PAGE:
The Fed is moving fast to push back against the panic, launching a $500 billion 3-month repo yesterday and promising another $1 trillion of repos (1-month and 3-month) today, while also expanding the menu of treasuries it will purchase with its ongoing “not QE” after signs of market dysfunction in the US treasury market cropped up yesterday. Supposedly, US House Speaker Pelosi and Trump administration officials could be out with a stimulus package today. As I alluded to in a tweet earlier this morning, these measures are necessary, but the bureaucracy and the red tape in figuring out who is owed what may prove too complicated and we may simply be headed toward massive helicopter drops of cash on the economy. So – first step is to ensure markets are functioning properly (Fed pulling out all of the stops and market pricing 94 bps of easing through next Wednesday meeting!). But then it is up to the state of the real economy and whether fiscal authorities can get ahead of the risk of a credit crunch forest fire and avoid a deep growth recession as consumption shuts down – there is far more risk of the latter over the medium to longer term. Very interesting, on that note to watch today’s preliminary US March University of Michigan sentiment survey after the recent months were near all-time highs – the size of the shock lower will point to the risk of weak consumer activity.

Chart: USDJPY
USDJPY is rising fast and was higher on the day yesterday even with a huge deleveraging in equity markets, perhaps as US real yields were suddenly on the move higher yesterday (more below under JPY). The pair has retraced a considerable portion of the lost territory to the downside – but bears will be possibly picking their spots soon, for example around the 200-day moving average or at the important 61.8% retracement level not far from that same 108.00 area.

Source: Saxo Group

The G-10 rundown

USD – the US dollar is strong across the board when there is a “dash for cash” and panic deleveraging but turns lower against risky/EM currencies when a risk appetite bounce appears like today’s.

EUR – the euro has managed okay here given Lagarde’s spiking of peripheral spreads, but to get up a new head of steam versus the US dollar we need to see coordinated fiscal across the EU – big time.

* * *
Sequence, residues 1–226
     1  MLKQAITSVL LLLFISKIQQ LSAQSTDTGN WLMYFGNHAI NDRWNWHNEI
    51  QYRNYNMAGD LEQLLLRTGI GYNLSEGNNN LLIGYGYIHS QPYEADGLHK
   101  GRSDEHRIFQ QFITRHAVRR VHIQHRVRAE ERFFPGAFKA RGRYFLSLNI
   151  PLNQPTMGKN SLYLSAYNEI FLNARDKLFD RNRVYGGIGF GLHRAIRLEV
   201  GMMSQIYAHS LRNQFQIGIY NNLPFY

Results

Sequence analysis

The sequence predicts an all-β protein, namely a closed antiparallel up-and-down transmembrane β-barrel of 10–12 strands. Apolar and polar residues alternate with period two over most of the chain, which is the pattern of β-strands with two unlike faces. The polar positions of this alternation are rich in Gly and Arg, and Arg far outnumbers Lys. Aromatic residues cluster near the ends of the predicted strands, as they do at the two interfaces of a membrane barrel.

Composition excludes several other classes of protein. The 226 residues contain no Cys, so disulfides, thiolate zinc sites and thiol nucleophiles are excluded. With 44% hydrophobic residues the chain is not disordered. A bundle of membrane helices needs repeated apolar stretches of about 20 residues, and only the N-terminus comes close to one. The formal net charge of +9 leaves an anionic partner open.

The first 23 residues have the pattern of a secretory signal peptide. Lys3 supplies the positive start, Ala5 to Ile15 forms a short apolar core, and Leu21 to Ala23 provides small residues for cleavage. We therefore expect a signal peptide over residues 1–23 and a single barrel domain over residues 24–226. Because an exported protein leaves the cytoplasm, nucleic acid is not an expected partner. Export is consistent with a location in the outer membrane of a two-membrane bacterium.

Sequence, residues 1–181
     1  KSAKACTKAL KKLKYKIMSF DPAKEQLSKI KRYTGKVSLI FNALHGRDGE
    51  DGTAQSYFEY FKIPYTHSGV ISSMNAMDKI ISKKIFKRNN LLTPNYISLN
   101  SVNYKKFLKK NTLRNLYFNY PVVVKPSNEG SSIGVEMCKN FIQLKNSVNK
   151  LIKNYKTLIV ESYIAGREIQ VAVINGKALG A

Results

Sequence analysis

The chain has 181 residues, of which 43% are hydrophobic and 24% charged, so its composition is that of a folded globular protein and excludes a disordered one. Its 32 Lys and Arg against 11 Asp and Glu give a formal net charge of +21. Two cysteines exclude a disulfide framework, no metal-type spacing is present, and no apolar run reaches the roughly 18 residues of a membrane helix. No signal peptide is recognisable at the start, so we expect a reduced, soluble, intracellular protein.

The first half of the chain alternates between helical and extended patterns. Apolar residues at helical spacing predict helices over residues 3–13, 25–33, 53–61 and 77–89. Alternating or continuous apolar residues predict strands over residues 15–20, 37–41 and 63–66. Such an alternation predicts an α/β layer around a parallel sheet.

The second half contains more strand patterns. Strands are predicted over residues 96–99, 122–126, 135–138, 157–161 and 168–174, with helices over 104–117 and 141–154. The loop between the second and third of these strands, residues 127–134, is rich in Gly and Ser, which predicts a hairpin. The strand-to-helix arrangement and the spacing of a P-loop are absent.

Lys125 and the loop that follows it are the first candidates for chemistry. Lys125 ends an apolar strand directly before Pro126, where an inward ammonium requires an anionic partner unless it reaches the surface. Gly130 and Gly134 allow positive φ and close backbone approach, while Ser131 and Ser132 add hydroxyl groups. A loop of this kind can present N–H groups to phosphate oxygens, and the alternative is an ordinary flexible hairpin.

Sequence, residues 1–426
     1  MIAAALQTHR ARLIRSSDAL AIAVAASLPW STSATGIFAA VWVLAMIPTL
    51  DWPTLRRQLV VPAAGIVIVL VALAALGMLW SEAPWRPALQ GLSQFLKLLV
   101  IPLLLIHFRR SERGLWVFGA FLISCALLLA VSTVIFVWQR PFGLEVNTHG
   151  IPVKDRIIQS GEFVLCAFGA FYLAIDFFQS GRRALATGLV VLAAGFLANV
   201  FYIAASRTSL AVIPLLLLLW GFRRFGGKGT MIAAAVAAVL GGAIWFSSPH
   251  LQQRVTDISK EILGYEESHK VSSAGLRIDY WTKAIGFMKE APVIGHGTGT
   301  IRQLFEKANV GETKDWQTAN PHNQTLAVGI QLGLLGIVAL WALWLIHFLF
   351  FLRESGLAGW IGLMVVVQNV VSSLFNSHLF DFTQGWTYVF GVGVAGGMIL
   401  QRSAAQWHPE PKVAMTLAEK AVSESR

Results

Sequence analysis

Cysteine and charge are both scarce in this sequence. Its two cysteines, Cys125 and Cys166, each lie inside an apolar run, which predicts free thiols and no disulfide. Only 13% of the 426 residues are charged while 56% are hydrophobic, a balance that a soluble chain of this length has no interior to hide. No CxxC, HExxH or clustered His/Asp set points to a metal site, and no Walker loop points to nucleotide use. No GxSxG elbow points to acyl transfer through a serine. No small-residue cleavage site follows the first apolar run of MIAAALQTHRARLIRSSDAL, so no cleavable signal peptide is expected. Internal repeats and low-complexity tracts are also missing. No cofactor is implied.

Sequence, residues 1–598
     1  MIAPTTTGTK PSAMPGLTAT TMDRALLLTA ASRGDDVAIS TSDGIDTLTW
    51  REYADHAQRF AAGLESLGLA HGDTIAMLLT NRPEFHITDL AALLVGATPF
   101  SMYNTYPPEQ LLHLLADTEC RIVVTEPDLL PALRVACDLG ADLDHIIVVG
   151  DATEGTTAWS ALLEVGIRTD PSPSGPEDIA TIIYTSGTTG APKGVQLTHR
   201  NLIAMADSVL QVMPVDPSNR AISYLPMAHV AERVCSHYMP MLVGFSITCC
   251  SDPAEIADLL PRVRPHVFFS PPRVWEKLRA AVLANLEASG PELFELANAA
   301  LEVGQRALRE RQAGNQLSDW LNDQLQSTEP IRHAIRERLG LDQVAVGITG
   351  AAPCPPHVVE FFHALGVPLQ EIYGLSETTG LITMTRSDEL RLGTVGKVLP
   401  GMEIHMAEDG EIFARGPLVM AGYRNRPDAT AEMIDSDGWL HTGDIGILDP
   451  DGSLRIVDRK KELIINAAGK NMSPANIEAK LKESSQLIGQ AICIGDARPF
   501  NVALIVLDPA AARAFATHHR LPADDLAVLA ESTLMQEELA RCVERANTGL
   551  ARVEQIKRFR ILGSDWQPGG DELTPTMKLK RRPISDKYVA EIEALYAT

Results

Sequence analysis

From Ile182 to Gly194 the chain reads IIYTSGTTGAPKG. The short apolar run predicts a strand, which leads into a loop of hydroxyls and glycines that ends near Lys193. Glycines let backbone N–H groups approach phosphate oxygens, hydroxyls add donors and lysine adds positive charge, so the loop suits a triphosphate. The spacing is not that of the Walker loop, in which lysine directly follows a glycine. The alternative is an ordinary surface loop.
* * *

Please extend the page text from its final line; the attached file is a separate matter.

JPY – the yen is reeling as collapsing inflation expectations around the world mean that real yields are oddly suddenly spiking ex-Japan, making the JPY less attractive. USDJPY is getting into our sell zone if the Fed brings enough firepower to the table.

GBP – The UK government’s seemingly more cavalier attitude about the coronavirus outbreak is a concern- GBPUSD Is falling off the map, with 1.2000 a risk on a 1.2500 break on the close.

CHF – limit up equity futures and safe haven bonds reeling have CHF strength backtracking sharply.

AUD – market not impressed so far with Australia’s stimulus and consumer confidence and NAB business and mining sector going over the cliff edge – a strong bounce today only a nod of the head to risk appetite gyrations.

CAD – CAD fighting back on oil and risk appetite bounces – first pivotal area looks like 1.3800 in USDCAD. Wife of PM Trudeau has Covid19 and PM may as well. Ugly action in Canadian bank stocks

NZD – AUDNZD all the way to 1.0209 overnight – watching technical action for a low, tough to join the trend lower at these levels in long term valuation perspective.

SEK – a bit more hopeful for a reversal here and SEK rally on the outlook for fiscal stimulus., but technical proof is a move and close sub-10.70 in EURSEK.

NOK – a surprise 50 basis point cut and liquidity enhancement measures from Norges Bank were well timed for impact today as the market and crude oil prices are bouncing back at the moment, helping NOK back higher – have we seen the climax for now? Ask oil markets.

Calendar (times GMT)

  • 1400 – US Mar. Preliminary University of Michigan Sentiment